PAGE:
Photo: Bennett Raglin/Netflix
Even the staunchest fans of Russian doll (*cough* me *cough*) wondered how the show would follow the catharsis and joy of the first season. It’s not that the first eight episodes wrapped up all possible narrative threads (they didn’t) or that further exploration of Nadia and Alan’s lives was unwarranted (it most certainly was the case). Rather, it was about how Lyonne & Co. would manage to capture lightning in a bottle again.
But two episodes in, it seems clear that season two of Russian doll does not ask the same questions as its beginnings. The framing is also markedly different – rather than reliving her birthday, Nadia is reliving parts of the past. To be more precise, she relives her mother’s past. as his mother and discovering for the first time the circumstances surrounding his own birth. And even if, as she complains to her grandmother Vera in “Coney Island Baby,” she does know the story of the loss of the family fortune, it’s unclear what she’ll find out.
Not to mention that time travel is very different from the time loop (I guess; I haven’t read much about quantum immortality since the first season came out). The paradox of Nadia’s death was quite tricky, but how do you explain that you took a train in your mother’s body? That’s what we seem to be dealing with here because Nadia remains Nadia, even when she’s, um, inside Nora. Smoking, swearing, and general weariness are all present as Vera berates her daughter for stealing from her. “You just take and take,” Vera spits.
Nora probably didn’t suffer from her mother’s tirades, and neither did Nadia, who points to the “sick dynamic” between the two: Vera held the gold to her daughter’s head all her life, and Nora was never only too happy to choose Vera as a “puppeteer” and herself as a “victim”. As far as Nadia is concerned, that means the gold is hers by virtue of being less of an asshole than her mother or grandmother. Nadia may think she’s limited her damage to herself, despite her death-induced epiphanies four years ago.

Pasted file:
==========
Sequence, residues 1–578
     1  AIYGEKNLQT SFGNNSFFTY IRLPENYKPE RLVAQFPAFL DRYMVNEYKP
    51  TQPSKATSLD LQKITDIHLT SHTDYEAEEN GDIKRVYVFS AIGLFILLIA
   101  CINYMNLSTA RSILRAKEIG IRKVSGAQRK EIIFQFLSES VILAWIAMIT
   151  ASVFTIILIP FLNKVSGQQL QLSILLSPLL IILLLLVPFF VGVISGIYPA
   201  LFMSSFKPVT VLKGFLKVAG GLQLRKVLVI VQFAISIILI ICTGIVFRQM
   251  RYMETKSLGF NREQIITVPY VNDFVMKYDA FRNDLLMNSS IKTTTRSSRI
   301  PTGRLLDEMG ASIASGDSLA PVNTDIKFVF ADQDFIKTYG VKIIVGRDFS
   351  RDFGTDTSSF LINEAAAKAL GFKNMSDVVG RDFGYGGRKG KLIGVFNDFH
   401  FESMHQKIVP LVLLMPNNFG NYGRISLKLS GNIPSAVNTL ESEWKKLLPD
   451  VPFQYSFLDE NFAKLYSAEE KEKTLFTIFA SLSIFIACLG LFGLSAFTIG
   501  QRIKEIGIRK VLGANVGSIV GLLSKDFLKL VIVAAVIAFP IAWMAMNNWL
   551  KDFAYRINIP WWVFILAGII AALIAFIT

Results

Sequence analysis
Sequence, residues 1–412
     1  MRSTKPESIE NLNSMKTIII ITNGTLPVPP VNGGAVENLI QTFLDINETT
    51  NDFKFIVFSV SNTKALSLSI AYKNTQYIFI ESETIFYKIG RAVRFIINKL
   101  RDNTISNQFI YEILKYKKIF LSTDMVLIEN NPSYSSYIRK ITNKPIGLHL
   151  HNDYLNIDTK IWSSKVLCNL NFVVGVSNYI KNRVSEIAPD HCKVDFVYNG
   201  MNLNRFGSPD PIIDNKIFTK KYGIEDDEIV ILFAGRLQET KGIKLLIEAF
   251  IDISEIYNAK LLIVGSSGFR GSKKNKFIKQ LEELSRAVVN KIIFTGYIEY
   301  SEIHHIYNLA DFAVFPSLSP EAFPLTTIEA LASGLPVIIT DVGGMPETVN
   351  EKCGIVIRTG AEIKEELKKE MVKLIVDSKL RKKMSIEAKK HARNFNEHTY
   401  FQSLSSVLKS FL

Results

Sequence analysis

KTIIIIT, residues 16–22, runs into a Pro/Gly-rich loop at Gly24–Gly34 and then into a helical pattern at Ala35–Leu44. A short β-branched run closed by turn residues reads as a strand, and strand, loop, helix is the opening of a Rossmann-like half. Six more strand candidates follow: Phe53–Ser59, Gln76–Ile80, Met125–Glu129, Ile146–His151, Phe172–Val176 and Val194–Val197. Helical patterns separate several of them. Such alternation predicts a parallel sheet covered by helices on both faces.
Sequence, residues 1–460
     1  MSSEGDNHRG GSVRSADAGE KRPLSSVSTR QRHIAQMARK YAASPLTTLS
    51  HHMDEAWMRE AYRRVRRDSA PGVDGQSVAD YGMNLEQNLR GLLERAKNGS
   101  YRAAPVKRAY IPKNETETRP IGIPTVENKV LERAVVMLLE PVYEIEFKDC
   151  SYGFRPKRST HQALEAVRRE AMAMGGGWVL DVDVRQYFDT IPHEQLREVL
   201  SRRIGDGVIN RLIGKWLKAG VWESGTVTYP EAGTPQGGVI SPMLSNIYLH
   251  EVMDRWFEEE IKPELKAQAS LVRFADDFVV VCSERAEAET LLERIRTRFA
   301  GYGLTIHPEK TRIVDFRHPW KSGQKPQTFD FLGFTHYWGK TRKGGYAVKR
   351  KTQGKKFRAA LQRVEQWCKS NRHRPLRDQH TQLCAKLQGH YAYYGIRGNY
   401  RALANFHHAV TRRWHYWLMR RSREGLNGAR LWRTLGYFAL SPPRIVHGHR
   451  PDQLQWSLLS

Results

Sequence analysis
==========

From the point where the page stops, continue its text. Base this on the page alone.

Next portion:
She’s already hatching a plan: Nadia will once again rely on her problem-solving skills, find the gold coins, return them to Vera, and effectively fix her mother’s biggest mistake (according to his mother). Of course, the future, uh, present Nadia also has everything to gain by finding the pieces. In the four years since she last pondered their value (aloud, anyway), the value of Krugerrands has risen from $152,780.86 to $280,451.21. That’s enough for Nadia’s tuition…and a racehorse.
Seems pretty simple and dry, especially once Nadia actually has the pieces in her/Nora’s possession, thanks to some help from Young Ruth! Well, it’s actually Ruth, in her thirties (played here by Annie Murphy). This Ruth is grieving, but she won’t let something like her husband’s recent death stop her from helping her friend Nora. Her dedication is evident as she tries to stop Delia, Vera’s oldest friend, from packing up Nora’s apartment (which Vera won’t pay for anymore).
The two Ruths seem committed – or perhaps resigned? — to help Nora, no matter the situation. 1982’s Ruth barely blinks before putting down her engagement ring to help Nora secure the Krugerrands. This, after driving to the Alfa Romeo store to return the Alfa Romeo that the Nora sans Nadia bought with the parts money.
The lovely interaction between Elizabeth Ashley and Natasha Lyonne was one of the highlights of the first season, and we get a bit more of that here once Nadia decides to return to 2022 to reunite with Chez. Murphy is also a great stage partner, exuding the same wry warmth as Ashley, but his Ruth stands almost as upright as Alan; she has not been bent by age or, more likely, by grief. The 1982 Ruth was reeling from the loss of her husband but thought she at least had Nora to stabilize her.
But the Nora she’s talking to here is Nadia-Nora (that’s what we’ll call the Nora who was taken in by Nadia’s conscience), who only wants to advise her on buying Apple stock and Tyson Foods. Even if young Ruth could understand that she was getting stock tips from the future, that’s not what she needs right now. Her eyes sparkle with concern as Nadia-Nora talks about stocks, but Ruth quickly breaks down. At that moment, Nadia’s head – yes, Nadia, not Nadia as a mother – clears and she comforts the woman who was her mother’s closest friend. and her mother figure.